The arid regions of northwestern China account for 30% of the total Chinese territory. Droughts are one of the most devastating climate-related natural harassment faced by the people living in these ecologically vulnerable regions. During the 20th century, several severe droughts had large impacts on economy, society and the environment. For example, the severe drought during the 1920s lead to a low-flow period in the upper and middle reaches of the Yellow River and a low level of the Daihai Lake during 1927–1929. As a consequence, drought-induced famines and diseases led to the death of about four million residents in Gansu, Shanxi, Inner Mongolia, Ningxia and Qinghai (Xu et al., 1997).
Because the instrumental meteorological records only cover the past 50 years and thus contain a limited subset of drought events, they are too short to investigate multi-decadal or longer climate oscillations. Hence, it is difficult to evaluate the magnitude and frequency of modern droughts in a historic context. Precise knowledge of natural long-term climate variability, however, is of great value for local administrations to anticipate and plan reasonable preventive measures for possible future droughts. Therefore, regional climate reconstructions are of great relevance to detect the temporal and spatial extent of the ongoing climate changes and to test whether these changes are still within the range of the natural climate variability during historic times. Among other natural archives, tree ring chronologies from drought-sensitive sites provide annually resolved palaeoclimate proxy records that allow the reconstruction of moisture supply with accurate dating for the past centuries or even millennia (Fritts, 1976; Hughes et al., 1994; Cook et al., 2004; Treydte et al., 2006). Recent reconstructions of precipitation, drought, and river streamflow from tree rings (Hughes et al., 1994; Kang et al., 2002; Yuan et al., 2003; Zhang et al., 2003; Sheppard et al., 2004; Liu et al., 2004a, 2004b; Shao et al., 2005a, 2005b; Li et al., 2006; Liang et al., 2006; Gou et al., 2007; Huang and Zhang, 2007; Holmes et al., 2007; Yin et al., 2008) indicate that there is great potential in developing century-to-millennia long reconstructions of hydrologic variability over arid and semi-arid northern China. To date, however, almost all of these reconstructions are derived from semi-arid northern China including the westernmost Xinjiang Province and the Qilian Mountains located in the northeastern part of the Tibetan Plateau (TP). Few studies concentrated on the northern side of the Qilian Mountains-middle Hexi Corridor in Gansu Province of northern China (Tian et al., 2007; Liang et al., 2009). These drought reconstructions, however, only span the past 150 and 200 years and are barely sufficient to study the patterns of climate variability at multi-decadal and centennial timescales.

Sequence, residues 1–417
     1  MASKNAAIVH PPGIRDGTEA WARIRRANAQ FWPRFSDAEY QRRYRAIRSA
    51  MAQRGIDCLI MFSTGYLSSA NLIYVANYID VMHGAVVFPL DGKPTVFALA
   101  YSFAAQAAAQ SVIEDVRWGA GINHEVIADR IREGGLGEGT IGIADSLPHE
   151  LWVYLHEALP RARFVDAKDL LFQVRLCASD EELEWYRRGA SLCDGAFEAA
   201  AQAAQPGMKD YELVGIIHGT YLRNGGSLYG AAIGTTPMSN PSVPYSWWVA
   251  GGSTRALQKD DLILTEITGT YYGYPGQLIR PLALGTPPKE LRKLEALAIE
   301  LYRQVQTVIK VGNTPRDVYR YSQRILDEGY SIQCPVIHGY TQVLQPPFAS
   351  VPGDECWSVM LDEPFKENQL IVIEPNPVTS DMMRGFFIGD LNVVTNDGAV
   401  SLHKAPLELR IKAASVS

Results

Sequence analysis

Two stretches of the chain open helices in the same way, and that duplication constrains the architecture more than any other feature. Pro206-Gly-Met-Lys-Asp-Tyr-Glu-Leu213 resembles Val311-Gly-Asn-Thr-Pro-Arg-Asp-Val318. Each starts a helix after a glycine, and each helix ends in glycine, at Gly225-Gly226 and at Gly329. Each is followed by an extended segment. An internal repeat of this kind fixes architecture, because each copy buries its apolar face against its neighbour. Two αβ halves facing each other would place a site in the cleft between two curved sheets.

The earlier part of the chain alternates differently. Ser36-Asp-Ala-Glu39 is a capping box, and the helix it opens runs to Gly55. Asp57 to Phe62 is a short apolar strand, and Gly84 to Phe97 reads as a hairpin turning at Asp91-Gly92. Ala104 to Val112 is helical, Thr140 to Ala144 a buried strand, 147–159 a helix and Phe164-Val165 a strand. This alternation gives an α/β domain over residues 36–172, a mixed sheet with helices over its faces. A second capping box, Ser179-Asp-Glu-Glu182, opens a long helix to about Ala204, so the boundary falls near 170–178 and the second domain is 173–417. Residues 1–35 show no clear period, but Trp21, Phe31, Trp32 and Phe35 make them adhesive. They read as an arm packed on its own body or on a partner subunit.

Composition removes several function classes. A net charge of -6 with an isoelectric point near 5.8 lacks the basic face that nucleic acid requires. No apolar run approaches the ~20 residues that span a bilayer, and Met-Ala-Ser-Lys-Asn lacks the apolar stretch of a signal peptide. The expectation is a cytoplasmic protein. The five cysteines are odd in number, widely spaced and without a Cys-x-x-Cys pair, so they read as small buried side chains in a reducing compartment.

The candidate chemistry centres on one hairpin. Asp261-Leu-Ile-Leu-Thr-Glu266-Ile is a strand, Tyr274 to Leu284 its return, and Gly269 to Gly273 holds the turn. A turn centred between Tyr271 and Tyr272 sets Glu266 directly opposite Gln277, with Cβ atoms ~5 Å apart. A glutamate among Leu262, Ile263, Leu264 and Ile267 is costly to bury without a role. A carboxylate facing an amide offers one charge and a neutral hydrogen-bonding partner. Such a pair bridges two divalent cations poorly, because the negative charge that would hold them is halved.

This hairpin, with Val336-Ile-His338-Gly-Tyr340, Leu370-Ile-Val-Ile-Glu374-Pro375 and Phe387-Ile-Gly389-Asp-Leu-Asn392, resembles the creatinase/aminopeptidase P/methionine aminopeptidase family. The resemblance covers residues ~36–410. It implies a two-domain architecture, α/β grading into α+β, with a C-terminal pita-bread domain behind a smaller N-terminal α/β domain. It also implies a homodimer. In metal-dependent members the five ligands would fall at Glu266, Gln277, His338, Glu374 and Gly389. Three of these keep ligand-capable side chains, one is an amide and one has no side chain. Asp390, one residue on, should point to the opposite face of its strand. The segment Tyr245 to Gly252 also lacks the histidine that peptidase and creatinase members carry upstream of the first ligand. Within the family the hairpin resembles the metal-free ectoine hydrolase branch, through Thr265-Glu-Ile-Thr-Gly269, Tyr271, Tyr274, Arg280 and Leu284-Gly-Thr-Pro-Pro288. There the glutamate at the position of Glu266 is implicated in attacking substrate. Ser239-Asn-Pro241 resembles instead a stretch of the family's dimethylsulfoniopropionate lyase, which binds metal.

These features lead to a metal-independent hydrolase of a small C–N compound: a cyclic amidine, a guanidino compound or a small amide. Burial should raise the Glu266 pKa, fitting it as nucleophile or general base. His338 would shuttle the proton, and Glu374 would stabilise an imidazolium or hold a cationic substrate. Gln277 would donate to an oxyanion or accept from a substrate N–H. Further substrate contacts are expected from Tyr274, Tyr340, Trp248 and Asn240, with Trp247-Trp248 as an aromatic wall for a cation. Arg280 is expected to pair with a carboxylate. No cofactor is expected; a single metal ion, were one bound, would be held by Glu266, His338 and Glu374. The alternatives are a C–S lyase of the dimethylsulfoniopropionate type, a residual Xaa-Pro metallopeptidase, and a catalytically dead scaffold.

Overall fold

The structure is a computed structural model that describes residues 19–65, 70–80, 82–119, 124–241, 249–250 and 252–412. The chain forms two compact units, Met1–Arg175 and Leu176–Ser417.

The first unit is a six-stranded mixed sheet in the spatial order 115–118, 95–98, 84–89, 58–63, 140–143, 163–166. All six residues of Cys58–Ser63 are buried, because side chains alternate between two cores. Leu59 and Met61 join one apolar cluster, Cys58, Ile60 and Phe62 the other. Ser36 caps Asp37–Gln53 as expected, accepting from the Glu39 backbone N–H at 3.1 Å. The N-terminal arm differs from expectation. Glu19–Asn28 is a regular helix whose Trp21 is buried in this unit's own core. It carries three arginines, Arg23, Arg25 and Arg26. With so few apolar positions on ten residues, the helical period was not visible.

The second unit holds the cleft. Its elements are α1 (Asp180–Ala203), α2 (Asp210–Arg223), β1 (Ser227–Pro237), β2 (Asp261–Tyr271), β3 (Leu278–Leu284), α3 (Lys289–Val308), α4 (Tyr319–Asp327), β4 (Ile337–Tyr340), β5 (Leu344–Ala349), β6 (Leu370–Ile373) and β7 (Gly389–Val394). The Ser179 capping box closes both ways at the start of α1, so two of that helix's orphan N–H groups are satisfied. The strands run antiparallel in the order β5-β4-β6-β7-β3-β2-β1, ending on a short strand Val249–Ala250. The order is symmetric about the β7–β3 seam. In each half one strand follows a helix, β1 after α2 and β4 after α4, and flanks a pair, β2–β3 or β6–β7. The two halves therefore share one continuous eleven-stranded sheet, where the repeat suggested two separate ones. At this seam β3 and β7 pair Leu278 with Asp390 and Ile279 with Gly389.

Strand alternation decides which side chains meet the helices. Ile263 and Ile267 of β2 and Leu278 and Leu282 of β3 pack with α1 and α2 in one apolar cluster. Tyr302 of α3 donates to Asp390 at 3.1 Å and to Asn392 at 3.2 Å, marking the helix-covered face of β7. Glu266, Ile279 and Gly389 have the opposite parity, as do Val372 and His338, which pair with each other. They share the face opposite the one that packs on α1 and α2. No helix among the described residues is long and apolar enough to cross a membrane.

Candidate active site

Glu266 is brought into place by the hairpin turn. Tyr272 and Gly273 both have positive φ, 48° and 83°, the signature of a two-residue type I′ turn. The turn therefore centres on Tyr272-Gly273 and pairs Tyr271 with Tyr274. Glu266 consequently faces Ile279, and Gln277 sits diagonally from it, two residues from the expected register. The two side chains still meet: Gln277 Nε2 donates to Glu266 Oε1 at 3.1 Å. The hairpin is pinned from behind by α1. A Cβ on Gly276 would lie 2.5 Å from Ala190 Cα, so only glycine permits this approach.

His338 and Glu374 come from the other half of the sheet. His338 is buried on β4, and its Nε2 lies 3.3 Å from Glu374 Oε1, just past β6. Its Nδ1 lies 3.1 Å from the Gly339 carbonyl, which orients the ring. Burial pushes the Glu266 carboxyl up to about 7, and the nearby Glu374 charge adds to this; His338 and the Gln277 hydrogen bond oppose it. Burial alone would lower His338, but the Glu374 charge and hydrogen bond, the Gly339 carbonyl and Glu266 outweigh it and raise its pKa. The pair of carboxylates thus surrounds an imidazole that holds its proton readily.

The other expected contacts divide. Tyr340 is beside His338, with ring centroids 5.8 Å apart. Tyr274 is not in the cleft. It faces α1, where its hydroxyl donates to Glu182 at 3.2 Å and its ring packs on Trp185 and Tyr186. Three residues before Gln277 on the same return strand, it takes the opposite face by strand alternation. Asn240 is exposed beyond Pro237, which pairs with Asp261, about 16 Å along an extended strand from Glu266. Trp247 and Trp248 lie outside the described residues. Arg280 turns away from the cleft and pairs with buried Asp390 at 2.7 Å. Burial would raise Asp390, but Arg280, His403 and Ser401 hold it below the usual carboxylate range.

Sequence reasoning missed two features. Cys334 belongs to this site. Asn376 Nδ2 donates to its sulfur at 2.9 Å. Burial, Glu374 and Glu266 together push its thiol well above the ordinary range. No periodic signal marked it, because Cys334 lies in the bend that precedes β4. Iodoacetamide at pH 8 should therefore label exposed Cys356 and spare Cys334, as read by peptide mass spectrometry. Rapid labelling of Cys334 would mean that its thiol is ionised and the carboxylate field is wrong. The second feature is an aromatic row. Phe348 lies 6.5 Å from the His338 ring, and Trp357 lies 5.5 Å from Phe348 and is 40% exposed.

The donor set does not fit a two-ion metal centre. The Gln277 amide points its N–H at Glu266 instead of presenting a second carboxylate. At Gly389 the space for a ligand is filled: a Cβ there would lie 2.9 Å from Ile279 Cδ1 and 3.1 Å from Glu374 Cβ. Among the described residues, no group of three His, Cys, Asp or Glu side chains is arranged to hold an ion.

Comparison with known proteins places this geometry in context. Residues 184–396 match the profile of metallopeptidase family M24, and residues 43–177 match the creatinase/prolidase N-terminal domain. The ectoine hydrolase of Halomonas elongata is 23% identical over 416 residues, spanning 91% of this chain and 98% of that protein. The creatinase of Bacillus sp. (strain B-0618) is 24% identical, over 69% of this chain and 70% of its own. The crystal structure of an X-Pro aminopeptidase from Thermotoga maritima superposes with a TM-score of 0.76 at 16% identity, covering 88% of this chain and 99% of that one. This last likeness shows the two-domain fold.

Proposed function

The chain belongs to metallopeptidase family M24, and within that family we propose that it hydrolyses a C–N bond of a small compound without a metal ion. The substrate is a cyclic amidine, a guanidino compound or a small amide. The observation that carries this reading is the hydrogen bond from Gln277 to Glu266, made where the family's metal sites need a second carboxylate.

Here, we report a new drought reconstruction from the arid Hexi Corridor in interior northwest China derived from a 620-year ring width chronology of Qilian juniper (Sabina przewalskii) growing at elevations around 3000–3500 m. This study site lies at the western distribution limit of the species in arid interior northwest China. The tree ring-based drought record contributes to fill the information gap about climate history in the arid Hexi Corridor during the past six centuries, where long high-resolution histories of climatic variability are scarce.
2. Study area
The study area is situated at the north slope of the middle Qilian Mountains in the northeastern part of the Tibetan Plateau, Gansu Province, northern China. The locations of the sampling site, Qifeng town [39°33′N, 98°05′E, 3000 m above sea level (asl)] and the meteorological station nearby, are shown in Figure 1. The region is presently characterized by continental arid climate and primarily influenced by the Westerlies. Because the region is located very close to the present northwestern boundary of the Asian summer monsoon (ASM), it should be sensitive to variations in the strength of different atmospheric circulation patterns. According to the meteorological station Jiuquan (39°46′N, 98°29′E, 1477 m asl) close to the sampling site, the mean January and July temperatures are − 9.4 and 21.9 °C, respectively. Mean annual precipitation amounts 87 mm for the period 1951–2007, which is certainly a too low estimate for the tree ring site. Eighty percent of the annual precipitation is falling during the summer period from May to September (Figure 2).